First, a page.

Released on 23 February 2017.

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The Last Days of New Paris

3.59 based on 2554 ratings & 438 reviews on Goodreads.com

2017 Short-listed

Locus Award Best Fantasy Novel

Synopsis

Weaving together the historical and the imagined, China Miéville's The Last Days of New Paris is a surreal and extraordinary work, from the author of The City & The City.

1941. In the chaos of wartime Marseille, American engineer and occult disciple Jack Parsons stumbles onto a clandestine anti-Nazi group, including Surrealist theorist André Breton. In the strange games of dissident diplomats, exiled revolutionaries, and avant-garde artists, Parsons finds and channels hope. But what he unwittingly unleashes is the power of dreams and nightmares, changing the war and the world for ever.

1950. A lone Surrealist fighter, Thibaut, walks a new, hallucinogenic Paris, where Nazis and the Resistance are trapped in unending conflict, and the streets are stalked by living images and texts - and by the forces of Hell. To escape the city, Thibaut must join forces with Sam, an American photographer intent on recording the ruins, and make common cause with a powerful, enigmatic figure of chance and rebellion: the exquisite corpse.

But Sam is being hunted. And new secrets will emerge that will test all their loyalties - to each other, to Paris old and new, and to reality itself.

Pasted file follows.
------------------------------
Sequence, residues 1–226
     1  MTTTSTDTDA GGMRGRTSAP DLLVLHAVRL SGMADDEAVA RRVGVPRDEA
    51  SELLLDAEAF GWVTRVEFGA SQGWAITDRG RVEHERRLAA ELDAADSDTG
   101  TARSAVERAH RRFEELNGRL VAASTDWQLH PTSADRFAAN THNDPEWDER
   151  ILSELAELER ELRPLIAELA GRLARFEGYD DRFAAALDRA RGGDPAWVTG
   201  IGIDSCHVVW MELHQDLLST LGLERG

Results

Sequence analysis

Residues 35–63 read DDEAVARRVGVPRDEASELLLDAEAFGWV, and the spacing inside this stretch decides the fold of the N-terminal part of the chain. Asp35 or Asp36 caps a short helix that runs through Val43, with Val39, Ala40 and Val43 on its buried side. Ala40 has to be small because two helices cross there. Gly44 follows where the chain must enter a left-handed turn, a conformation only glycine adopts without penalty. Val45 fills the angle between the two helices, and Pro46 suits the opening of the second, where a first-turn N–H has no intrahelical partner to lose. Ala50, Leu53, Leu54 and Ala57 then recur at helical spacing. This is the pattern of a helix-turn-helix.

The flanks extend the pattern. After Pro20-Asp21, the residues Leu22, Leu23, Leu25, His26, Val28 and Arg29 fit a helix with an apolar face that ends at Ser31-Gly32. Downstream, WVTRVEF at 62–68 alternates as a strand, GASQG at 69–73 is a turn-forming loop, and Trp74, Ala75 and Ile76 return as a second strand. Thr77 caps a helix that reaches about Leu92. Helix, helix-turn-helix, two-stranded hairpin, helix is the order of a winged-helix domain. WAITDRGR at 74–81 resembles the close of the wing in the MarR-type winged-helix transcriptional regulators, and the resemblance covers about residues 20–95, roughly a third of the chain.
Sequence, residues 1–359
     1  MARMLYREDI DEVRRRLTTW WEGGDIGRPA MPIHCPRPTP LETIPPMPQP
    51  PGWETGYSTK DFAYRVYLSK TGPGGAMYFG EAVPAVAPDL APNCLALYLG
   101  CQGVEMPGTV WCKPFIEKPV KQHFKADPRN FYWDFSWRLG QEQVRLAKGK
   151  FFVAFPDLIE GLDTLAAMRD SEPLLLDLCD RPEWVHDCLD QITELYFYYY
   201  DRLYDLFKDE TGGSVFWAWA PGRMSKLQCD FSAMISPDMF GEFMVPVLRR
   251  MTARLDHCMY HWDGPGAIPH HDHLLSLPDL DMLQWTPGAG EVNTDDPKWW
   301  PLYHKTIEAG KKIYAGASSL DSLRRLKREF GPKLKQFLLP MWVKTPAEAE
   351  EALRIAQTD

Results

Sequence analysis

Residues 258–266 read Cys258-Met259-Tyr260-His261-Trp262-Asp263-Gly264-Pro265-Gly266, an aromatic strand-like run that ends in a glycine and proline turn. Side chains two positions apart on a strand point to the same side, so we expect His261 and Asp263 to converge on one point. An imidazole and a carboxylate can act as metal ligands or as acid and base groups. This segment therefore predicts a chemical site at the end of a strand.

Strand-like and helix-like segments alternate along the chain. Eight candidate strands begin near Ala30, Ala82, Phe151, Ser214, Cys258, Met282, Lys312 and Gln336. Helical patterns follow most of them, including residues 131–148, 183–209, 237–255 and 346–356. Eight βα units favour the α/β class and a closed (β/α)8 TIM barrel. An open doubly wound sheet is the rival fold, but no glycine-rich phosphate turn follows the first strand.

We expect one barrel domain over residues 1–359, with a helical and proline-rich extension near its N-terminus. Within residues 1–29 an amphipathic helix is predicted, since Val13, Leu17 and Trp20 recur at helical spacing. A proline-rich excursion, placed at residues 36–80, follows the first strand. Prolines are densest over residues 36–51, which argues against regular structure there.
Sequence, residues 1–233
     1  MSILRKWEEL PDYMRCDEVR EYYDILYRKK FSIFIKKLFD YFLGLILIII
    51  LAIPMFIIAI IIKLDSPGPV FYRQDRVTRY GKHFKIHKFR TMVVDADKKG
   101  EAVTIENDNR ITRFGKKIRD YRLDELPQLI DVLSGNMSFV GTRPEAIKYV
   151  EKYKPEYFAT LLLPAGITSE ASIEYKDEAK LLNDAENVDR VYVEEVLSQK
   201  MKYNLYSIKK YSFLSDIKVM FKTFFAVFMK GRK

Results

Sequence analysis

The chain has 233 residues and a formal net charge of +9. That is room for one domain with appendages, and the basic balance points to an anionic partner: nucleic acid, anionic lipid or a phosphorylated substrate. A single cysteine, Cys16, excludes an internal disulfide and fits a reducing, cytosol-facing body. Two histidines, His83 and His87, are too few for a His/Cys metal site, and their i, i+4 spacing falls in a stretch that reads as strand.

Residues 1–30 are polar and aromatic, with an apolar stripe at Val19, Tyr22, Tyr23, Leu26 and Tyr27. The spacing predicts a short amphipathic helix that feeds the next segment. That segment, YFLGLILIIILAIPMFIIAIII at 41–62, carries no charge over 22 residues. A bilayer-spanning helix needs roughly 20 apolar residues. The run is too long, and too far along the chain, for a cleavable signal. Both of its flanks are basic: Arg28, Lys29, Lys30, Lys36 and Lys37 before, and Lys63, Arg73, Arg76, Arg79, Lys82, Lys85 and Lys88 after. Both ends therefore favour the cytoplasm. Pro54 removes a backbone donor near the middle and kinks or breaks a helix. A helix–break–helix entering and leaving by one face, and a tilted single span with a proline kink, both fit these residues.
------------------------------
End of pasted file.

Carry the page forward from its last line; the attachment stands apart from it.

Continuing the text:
In the media

Miéville takes one of the most exhausted tropes of alternate history – a counterfactual Second World War – and breathes joyously vivid life into it. With relish and thoughtful deliberation, he juxtaposes the intentional irrationality of Surrealism with the uglier, bloodier irrationality of warfare . . . The Last Days Of New Paris not only delivers all the fun its premise suggests, but thrills with the sheer depth of its ambition, invention and historical detail.
Sunday Herald (Glasgow)
Miéville takes one of the most exhausted tropes of alternate history – a counterfactual Second World War – and breathes joyously vivid life into it. With relish and thoughtful deliberation, he juxtaposes the intentional irrationality of Surrealism with the uglier, bloodier irrationality of warfare . . . The Last Days Of New Paris not only delivers all the fun its premise suggests, but thrills with the sheer depth of its ambition, invention and historical detail.
Sunday Herald (Glasgow)
[The Last Days of New Paris] has a hallucinatory jeu d’esprit . . . Fun, very inventive and thoughtful, particularly for readers interested in Surrealism’s revolutionary politics. I loved it.
Daily Telegraph